I spent 18 days in Brazil, but could have spent much longer in this vibrant country
I started off my trip by spending 5 days exploring some of Florianopolis’ 42 beaches before heading to Rio for 8 crazy days over Carnaval. From there, I flew to São Paulo for 3 days– a city that exceeded my expectations and is worth spending a few days exploring for those of you who enjoy big cities, especially if you’re a foodie (like me)– before finally heading to Foz do Iguazu to check out the jaw-dropping waterfalls.
What I would have done different
I don’t think there’s such a thing as too much time in Brazil. After spending nearly three weeks there, I had only scratched the surface.
Of the seven countries I visited in South America, I found it to be the easiest place to make friends with locals, who are fun (maybe a bit too fun at times) and genuinely interested in getting to know you, making it a particularly great destination for solo travelers.
Someday, it is my dream to go back and explore some of Brazil’s lesser-known destinations– especially in the north– like Salvador and Porto de Galinhas. A gentleman from Buenos Aires once told me the beaches in Florianopolis were a 7, but the beaches in northern Brazil were a 10; well, I don’t know if that’s true, but I’d sure like to find out.
Ihla Grande (Big Island) and the charming coastal town of Paraty, both just a couple of hours from Rio, are also high on my list of places to visit on my next trip to Brazil.
The US Department of State website gives Brazil a level 2 out of 4 (4 being most dangerous) travel advisory rating, which means “exercise increased caution” when visiting. In the Global Peace Index, which measures various safety attributes such as homicide rate, violent crime, terrorism, and internal and external conflict, Brazil is ranked #106 out of 163. That doesn’t sound so great, until you notice the United States in ranked even lower at #121.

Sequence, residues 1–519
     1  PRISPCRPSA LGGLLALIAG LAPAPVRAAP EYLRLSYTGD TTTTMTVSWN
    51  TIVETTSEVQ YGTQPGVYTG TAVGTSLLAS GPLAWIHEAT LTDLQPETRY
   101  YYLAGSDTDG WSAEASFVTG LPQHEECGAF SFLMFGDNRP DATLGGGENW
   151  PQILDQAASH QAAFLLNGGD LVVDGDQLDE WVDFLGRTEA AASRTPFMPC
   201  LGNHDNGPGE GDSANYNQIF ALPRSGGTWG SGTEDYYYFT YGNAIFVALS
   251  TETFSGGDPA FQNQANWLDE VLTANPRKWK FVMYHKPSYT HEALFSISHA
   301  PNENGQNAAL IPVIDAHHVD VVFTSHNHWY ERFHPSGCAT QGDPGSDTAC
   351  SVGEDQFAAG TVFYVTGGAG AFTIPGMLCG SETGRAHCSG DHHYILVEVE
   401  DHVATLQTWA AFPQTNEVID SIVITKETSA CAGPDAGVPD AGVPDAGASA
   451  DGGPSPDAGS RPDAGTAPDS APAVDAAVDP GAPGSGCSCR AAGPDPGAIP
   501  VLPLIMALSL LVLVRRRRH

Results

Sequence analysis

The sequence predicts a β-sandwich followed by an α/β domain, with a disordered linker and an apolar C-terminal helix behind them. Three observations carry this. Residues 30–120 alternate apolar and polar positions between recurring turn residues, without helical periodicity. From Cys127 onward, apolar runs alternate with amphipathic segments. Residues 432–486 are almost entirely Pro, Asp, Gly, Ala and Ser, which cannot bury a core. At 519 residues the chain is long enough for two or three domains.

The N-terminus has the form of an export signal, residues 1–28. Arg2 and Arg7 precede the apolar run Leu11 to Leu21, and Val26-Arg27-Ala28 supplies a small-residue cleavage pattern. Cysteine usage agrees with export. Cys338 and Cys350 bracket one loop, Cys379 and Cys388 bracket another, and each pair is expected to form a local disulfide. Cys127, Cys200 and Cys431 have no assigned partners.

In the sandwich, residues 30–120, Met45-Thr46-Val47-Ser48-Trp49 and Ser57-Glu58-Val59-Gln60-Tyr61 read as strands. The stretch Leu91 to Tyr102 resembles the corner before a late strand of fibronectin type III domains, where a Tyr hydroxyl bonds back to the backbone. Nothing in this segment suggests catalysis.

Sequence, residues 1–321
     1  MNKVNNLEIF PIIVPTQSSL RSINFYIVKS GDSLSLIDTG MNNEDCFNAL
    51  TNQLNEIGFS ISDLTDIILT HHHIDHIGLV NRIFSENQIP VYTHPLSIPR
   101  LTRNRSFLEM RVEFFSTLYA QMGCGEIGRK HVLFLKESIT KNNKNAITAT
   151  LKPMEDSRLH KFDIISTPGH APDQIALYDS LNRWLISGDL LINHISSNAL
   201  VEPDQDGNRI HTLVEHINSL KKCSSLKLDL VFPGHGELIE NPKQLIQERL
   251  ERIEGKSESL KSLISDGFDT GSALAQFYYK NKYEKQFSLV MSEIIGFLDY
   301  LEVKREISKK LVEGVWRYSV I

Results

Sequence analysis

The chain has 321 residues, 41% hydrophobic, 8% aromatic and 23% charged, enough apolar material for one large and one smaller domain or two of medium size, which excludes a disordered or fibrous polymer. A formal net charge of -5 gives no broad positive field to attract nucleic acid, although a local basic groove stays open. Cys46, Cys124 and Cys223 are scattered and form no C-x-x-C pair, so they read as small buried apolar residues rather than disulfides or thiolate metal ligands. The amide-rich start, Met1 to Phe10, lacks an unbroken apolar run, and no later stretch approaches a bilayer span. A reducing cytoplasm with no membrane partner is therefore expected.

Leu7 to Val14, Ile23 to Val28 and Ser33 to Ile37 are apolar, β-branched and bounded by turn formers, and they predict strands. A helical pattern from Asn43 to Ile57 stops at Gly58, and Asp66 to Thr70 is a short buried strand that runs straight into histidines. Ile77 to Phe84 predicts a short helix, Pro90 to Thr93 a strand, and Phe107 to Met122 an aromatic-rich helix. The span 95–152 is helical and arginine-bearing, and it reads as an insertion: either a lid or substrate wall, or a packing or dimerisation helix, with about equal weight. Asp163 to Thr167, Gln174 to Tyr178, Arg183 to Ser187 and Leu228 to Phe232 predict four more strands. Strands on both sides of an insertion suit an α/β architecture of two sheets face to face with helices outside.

Corruption is one of the country’s largest problems, plaguing much of South America, but this has little effect on tourists. The biggest threat to tourists is theft, and unfortunately cases of armed robberies aren’t uncommon in Brazil. However, I would not let concerns over this stop you from visiting this stunning country, which has so much to offer.
While I met several people who’d had phones or wallets stolen in Brazil, I had no issues myself. In fact, I accidentally left my passport and $400 USD (I’m talking cash money, people) on an airplane in Foz do Iguazu, sending me into full-panic mode, and it was all returned to me. Not a dollar was missing!
It really all comes down to luck, and you have to be pretty unlucky for something to happen to you. With that said, you can minimize your own risk by keeping your valuables in a money belt, or better yet, leaving them locked safely in your hotel or hostel.